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Date: July 3rd 1916

July 03, 1916

Dear Mother,

When we got back to Barracks last night I found your letter of June 2nd. and one from Father dated May 31st. They must have been held up somewhere - I have had later letters from you both. I also found a parcel from Grandmother containing towels, soap, etc. - all very gratefully received.
By the way, I meant to congratulate Frances on her record, but got her cards sealed up without doing so. Pass it on. Congratulations also to Rex on all the fine things he has been doing. How I should like to have afternoon tea with you to-day with cakes from the wicker curate (though of course you won't have that at Cecebe) and hear all you have to tell, & tell you all about my trip to Hastings. I have put most of it on the cards - most, that is, of what one can write; some more you may get from the penny guide, and the rest follows.

Well, we saw Battle Abbey, then we went to the "Pilgrim's Rest" - a little Inn, eight hundred years old at which the pilgrims used to stop on their way to Canterbury. Here we refreshed ourselves with stone ginger & signed our names in the visitor's book, after which - since there is no train back till evening - we turned our faces towards Hastings along the highway. It was a glorious day, with a good breeze blowing, & the country-side was all that the eye could wish; so we went on with much joy of living in our hearts, and about noon came to Silverhill (see map) and took the train to the "Y", where we had a delicious dinner - roast beef, potatoes, brussel sprouts, deep rhubarb pie. After an hour's lolling on the beach to settle our stomachs we turned eastward along the parade, to the East hill life to the top of the bluffs and went exploring to see what we could see in Fairlight Glen. Now as we went, it chanced that there went before us two nice-looking damsels, who were at first, (as I learned later_ a trifle shy at finding themselves alone in such close proximity to two of "those dreadful Canadians"' of whose doings at Shorncliffe sad tales (largely, I believe, a heritage of the 1st, contingent) have spread about. However, their covert glances must have reassured them for before we had done with the rough scrambling through Ecclesbourne Glen, mutual difficulties of foot-hold had broken the ice, and we were soon journeying in a pleasant comradeship. They were really very nice, modest girls, and as they knew the country well, out trip was both facilitated and enlivened by their company. Fairlight Glen is a delightful place - thoroughly Canadian in aspect: the same sort of verdure, the same half-sodden trail, the same ferns & mossy boulders, and I had almost said the same mosquitoes, but there was only, and him I killed. The sea-view from the lover's Seat is magnificent, and the extra walk there was well worth while, though we couldn't sit on the seat as it was occupied by two old ladies, a nurse, a kiddy, and a dog. Somewhere, about 4 o'clock, we came to a tram, and after bidding adieu to our fair guides at the clock tower, went to the "Y" for our greatcoats and a cup of tea, and took the 5.30 train for Shorncliffe.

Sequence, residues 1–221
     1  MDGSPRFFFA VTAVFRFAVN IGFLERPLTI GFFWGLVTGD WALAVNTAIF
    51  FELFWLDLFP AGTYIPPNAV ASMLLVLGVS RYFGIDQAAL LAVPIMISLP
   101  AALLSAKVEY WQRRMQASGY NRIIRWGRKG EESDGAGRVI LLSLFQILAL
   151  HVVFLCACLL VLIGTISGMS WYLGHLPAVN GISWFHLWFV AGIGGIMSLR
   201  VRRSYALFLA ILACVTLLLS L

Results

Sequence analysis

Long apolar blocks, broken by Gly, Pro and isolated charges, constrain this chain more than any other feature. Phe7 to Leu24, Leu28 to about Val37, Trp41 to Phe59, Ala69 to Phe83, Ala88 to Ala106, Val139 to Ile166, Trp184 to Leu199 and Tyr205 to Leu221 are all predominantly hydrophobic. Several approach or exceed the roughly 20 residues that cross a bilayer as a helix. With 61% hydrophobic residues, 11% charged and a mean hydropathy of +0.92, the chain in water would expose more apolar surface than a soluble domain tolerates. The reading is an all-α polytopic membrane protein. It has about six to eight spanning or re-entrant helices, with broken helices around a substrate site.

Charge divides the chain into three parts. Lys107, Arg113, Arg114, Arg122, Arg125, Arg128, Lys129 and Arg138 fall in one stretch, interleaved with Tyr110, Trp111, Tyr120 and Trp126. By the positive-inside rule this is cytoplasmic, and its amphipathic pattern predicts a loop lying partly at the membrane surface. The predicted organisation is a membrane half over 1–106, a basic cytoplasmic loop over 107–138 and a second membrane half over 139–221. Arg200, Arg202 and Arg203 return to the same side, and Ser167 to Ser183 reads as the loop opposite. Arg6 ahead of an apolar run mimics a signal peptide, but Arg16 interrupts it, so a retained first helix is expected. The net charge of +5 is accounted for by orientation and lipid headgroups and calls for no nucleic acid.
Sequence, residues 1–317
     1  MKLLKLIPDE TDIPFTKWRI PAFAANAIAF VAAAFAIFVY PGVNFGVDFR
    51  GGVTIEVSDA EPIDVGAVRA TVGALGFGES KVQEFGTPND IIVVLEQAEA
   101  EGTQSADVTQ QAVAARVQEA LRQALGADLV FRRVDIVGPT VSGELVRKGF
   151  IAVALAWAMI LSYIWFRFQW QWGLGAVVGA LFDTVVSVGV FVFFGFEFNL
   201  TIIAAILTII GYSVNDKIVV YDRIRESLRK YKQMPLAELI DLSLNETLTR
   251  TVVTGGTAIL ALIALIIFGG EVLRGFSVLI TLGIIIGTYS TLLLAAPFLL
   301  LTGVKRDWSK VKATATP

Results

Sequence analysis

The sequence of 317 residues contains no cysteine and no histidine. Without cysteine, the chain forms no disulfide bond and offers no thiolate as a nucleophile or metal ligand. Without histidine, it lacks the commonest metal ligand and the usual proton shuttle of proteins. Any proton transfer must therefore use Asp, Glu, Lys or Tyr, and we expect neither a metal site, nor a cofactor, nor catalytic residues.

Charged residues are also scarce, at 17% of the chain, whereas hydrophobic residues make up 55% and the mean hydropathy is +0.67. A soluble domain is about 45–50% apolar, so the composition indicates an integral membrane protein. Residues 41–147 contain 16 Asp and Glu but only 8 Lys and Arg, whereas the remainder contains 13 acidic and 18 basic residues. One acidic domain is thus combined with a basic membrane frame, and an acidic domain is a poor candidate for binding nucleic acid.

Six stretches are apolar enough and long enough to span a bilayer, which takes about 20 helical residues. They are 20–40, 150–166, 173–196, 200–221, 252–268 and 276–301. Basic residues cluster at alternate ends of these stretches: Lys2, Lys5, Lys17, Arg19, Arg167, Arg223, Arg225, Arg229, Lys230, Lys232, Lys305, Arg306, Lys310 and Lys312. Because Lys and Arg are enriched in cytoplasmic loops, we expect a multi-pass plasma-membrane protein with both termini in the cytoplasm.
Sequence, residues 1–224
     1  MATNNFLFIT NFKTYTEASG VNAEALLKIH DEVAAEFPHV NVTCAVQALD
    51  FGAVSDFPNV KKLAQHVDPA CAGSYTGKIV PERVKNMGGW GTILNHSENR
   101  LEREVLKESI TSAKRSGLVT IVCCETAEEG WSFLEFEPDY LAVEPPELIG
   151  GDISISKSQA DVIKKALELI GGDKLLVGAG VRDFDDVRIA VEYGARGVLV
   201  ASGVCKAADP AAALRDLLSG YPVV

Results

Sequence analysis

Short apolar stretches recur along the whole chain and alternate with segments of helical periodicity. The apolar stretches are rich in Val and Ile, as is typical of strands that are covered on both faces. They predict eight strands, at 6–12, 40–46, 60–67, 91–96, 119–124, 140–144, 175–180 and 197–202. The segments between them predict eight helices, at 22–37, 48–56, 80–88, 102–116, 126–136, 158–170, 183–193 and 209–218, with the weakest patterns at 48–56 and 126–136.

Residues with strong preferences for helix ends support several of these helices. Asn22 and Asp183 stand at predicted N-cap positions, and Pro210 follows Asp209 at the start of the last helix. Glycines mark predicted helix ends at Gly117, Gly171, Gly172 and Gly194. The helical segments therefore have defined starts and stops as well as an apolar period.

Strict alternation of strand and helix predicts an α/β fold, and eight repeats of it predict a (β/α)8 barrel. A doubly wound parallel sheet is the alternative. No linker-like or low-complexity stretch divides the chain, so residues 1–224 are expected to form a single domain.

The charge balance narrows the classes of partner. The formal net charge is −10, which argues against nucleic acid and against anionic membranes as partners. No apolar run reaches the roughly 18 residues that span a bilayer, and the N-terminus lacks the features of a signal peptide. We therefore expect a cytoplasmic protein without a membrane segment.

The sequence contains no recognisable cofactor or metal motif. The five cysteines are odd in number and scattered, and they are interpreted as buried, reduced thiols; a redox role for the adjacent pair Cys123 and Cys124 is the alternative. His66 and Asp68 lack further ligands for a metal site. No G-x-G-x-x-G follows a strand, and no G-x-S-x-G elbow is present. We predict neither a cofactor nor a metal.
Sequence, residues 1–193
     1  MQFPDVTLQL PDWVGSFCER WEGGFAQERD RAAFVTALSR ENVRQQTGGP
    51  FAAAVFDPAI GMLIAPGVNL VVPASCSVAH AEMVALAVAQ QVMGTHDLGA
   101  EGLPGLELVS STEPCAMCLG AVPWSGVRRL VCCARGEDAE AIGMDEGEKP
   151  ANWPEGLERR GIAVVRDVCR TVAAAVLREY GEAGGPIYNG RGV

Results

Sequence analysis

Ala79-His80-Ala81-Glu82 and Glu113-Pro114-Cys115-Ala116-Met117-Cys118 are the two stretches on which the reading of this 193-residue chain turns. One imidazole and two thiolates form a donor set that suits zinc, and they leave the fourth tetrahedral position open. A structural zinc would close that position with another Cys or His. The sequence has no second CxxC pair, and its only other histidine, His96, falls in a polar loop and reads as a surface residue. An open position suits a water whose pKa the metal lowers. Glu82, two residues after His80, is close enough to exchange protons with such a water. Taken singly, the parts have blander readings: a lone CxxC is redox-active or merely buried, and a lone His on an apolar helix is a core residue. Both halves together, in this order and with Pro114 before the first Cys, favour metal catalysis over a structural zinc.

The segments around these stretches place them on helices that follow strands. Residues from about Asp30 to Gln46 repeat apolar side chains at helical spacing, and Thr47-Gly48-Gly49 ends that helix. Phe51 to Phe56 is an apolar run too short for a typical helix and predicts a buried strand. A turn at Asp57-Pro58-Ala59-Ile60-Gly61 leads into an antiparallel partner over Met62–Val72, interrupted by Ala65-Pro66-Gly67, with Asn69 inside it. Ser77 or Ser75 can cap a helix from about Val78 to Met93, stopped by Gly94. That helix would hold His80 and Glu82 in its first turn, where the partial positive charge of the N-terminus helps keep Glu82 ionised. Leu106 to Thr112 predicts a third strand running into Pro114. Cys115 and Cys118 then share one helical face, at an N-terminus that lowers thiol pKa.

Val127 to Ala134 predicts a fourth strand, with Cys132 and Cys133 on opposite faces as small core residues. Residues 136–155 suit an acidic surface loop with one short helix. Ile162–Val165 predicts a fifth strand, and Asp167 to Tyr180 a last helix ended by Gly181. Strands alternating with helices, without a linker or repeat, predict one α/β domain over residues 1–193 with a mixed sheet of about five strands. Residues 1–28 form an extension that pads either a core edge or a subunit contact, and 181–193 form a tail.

Still no news from the powers that be; but unlimited love to all of you.

P.S. By the way, has any of my assigned pay reached you yet. Let me know.